Café Europa has a loyal and passionate following, but the Greensboro City Council doesn’t care.

About 40 supporters of Café Europa on North Davie Street attended the Greensboro City Council meeting on Tuesday, Feb. 6, and waved copies of the iconic logo for the restaurant to show their support. Nine speakers and the owner, Jakub Pucilowski, spoke during speakers from the floor.

Most talked about how much Café Europa meant to them, saying that it was much more than a restaurant but a community, where weddings were celebrated, memorial services held and the employees were friends.

Most expressed confusion and angst about the way Café Europa is being treated by the city.

Café Europa has been in the city-owned Cultural Center building for 18 years and the lease has been regularly renewed. However, the current lease expires April 30 and, instead of the city renegotiating the lease with a long time tenant that has been successful in a space where many restaurants have failed, Assistant City Manager Chris Wilson decided to turn the lease over to Greensboro Downtown Parks Inc. (GDPI).

GDPI didn’t negotiate a new lease but put the space out for a request for proposals (RFP) from anyone interested in using the space. The RFP also states that the owner of Café Europa will be an “independent contractor” for GDPI and GDPI will have the right to determine the days and hours the restaurant is open. Furthermore, whoever is in the space will have to agree to pay a percentage of its gross revenue in addition to the lease payment.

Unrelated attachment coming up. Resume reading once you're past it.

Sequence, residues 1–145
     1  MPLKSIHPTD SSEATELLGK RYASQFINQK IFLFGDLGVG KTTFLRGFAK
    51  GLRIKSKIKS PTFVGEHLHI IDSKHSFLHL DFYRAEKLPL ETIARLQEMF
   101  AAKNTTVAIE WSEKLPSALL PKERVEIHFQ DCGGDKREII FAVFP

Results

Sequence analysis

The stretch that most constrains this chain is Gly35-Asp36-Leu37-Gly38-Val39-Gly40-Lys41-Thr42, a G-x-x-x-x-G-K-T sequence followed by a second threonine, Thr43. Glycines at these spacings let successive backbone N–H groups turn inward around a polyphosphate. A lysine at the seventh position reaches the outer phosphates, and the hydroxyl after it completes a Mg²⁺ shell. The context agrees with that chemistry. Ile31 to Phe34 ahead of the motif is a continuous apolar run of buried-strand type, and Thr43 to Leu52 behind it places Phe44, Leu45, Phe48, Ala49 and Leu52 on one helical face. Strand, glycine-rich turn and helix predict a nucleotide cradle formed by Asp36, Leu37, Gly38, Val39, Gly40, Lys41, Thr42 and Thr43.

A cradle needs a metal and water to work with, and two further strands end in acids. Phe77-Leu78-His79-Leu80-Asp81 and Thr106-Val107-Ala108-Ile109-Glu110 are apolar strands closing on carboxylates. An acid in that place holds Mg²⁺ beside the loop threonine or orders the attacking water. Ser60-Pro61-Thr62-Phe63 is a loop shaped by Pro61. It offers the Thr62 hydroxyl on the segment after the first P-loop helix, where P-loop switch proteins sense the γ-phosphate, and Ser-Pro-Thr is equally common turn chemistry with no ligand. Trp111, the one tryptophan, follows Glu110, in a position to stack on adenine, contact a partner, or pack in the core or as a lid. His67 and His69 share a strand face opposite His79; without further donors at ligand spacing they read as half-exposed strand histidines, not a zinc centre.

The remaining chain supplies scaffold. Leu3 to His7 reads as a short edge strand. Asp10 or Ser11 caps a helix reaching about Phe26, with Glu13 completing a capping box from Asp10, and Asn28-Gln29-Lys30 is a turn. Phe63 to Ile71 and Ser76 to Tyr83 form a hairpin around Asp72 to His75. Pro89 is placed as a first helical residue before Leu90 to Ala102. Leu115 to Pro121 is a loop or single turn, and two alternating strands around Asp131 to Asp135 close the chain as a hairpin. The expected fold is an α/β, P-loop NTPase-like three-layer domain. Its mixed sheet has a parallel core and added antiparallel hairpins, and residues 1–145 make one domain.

This has upset the Café Europa community.

John Woolsley described himself as “A loyal customer of one of downtown Greensboro’s icons, Café Europa.”

Wolsley said, “A loyal small business is being auctioned off to the highest bidder.”

He noted that 60 percent of new restaurants don’t survive a year, so the smarter business decision might be to negotiate with Café Europa rather than bringing in a new restaurant.

Several speakers described Café Europa as the closest thing Greensboro has to a European bistro, making it unique in the city.

Jeffrey Barbour questioned the business judgment of the decision and said that forcing Café Europa out “speaks to something very crucial about who we are as a city.”